Generally with these RBCD attacks you require a second account with an service principal name (SPN), the common method is to create a new machine account as by default the machine account quota is 10:
I've seen some confusion on whether a machine account can be used to create another machine account. It is possible to create a machine account using a machine account, this can be done using Kevin Robertson's Powermad:
Now querying the domain controller, the newly created machine account can be seen:
The Crazy Bit
For this post though, I want to show that even if the machine account quota is 0, and access to another account with an SPN hasn't been achieved, it's still possible to abuse RBCD for privilege escalation. So the machine account quota has been reset to 0:
Now it is not possible to create a new machine account:
So here's the main reason for this blog, I was thinking one day "I wonder if a machine can delegate access to itself". So effectively, I (the machine account) want to tell the domain controller that I (the machine account) wants the ability to delegate access to myself (the machine account). I'm not sure why this would ever be required in a normal setup, but it in fact is possible.
So using the shell that I've already imported the ADModule, I can set the msDS-AllowedToActOnBehalfOfOtherIdentity:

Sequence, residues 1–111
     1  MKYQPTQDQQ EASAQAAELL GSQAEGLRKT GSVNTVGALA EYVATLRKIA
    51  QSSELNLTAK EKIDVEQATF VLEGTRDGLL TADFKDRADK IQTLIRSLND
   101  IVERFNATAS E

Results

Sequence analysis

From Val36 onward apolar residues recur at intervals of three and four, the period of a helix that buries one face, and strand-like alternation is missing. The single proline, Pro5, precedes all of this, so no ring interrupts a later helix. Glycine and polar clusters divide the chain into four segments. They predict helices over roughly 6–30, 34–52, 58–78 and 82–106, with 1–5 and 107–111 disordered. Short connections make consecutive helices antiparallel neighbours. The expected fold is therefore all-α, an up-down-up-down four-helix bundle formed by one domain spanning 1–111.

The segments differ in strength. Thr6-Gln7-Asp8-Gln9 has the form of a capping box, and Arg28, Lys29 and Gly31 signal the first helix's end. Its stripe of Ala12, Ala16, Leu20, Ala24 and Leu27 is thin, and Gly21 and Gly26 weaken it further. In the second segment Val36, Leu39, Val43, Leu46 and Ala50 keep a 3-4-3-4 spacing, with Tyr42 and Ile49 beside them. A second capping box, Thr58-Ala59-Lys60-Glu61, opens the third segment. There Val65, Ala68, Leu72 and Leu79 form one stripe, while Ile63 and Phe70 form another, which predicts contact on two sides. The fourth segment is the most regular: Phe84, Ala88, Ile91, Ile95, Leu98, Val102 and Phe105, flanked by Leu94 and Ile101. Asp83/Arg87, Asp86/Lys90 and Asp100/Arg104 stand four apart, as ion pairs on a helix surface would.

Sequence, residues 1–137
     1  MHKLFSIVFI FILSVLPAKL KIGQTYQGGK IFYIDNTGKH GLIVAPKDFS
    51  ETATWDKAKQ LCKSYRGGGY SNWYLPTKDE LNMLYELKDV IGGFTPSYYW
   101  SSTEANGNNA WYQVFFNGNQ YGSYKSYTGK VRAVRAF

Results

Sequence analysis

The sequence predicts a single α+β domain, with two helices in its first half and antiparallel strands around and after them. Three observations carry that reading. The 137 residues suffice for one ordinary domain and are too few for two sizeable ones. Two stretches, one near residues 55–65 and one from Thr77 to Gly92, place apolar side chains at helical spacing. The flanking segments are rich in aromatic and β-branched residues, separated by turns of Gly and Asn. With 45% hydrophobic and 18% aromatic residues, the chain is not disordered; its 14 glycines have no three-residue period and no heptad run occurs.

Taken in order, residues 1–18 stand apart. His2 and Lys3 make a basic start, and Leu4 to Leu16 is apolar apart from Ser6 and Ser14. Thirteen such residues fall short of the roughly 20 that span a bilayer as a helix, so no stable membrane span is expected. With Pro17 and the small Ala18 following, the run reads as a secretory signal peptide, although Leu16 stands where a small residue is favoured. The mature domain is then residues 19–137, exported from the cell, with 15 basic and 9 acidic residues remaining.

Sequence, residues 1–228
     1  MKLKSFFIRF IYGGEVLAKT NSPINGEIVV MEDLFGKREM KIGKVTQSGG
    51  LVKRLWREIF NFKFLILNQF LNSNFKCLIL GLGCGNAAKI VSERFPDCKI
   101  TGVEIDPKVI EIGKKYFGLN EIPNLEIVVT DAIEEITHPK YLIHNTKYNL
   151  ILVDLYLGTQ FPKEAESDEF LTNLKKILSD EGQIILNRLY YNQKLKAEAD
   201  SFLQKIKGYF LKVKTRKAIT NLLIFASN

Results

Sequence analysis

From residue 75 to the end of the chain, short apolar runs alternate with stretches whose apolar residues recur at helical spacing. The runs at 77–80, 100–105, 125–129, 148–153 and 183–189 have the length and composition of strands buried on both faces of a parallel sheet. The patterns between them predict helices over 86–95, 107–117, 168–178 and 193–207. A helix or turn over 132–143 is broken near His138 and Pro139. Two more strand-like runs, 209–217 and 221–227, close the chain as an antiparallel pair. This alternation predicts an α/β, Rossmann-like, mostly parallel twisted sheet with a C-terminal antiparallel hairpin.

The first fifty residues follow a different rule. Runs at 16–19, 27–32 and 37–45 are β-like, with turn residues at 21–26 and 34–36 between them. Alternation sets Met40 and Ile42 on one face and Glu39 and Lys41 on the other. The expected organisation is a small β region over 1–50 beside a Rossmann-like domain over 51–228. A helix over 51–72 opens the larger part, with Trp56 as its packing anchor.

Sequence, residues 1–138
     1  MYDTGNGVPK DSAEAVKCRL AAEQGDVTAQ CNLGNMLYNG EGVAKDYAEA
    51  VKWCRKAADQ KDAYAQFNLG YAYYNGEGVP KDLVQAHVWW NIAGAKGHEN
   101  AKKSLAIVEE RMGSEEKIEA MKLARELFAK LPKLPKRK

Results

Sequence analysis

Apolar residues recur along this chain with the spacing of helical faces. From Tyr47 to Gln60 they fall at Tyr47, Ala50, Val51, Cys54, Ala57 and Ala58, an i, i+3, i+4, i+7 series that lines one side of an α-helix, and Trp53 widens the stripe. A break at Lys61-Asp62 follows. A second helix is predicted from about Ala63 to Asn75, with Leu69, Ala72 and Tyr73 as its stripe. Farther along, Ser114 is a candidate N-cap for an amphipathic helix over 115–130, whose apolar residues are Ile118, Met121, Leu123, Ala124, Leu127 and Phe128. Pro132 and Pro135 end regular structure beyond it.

This is all that is required to configure RBCD. To demonstrate that it has infact worked, I can run
Get-ADComputer from another terminal (because showing the extended attributes using the ADModule doesn't work):
So now I have the ability to impersonate any domain user on the machine, that isn't in the Protected Users group or marked as Sensitive and cannot be delegated.
Abusing This Configuration
There's one more piece of the puzzle before we can actually perform the attack. We need to be able to pass Rubeus credentials for the machine account. This can be in the form of a username and password, or a TGT ticket.
So after downloading Rubeus onto the compromised system, we can easily use it to grab a usable TGT:
That TGT can be used with the s4u Rubeus command to request a service ticket to HTTP/EIIS1.external.zeroday.lab (myself) as the user external.admin and injected into the current context:
Now when we use Invoke-Command to EIIS1.external.zeroday.lab, it runs as external.admin:
When on an assessment, it's always important to clean up any changes made to systems to return them to the original settings as much as possible. The RBCD configuration can be reset to it's original state using the machine account again, if domain admin privileges hasn't been achieved.
If the configuration was originally empty, this can be done in the following way:
And to verify that this worked:
Delegation is hard and often configured wrong so it's important to understand the scope of what is possible using these Kerberos features.
Active Directory in it's default configuration is vulnerable to a number of different attacks and these settings rarely get changed by the system administrator so this is often a very fruitful avenue for an attacker.
To secure AD against this attack is no different to those described by Elad in his post, there's nothing really new here apart from the idea of delegating to the same account.